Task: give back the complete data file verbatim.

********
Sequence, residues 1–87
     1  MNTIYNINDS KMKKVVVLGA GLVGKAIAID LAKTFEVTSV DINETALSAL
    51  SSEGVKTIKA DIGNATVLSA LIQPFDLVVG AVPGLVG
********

Sequence, residues 1–87
     1  MNTIYNINDS KMKKVVVLGA GLVGKAIAID LAKTFEVTSV DINETALSAL
    51  SSEGVKTIKA DIGNATVLSA LIQPFDLVVG AVPGLVG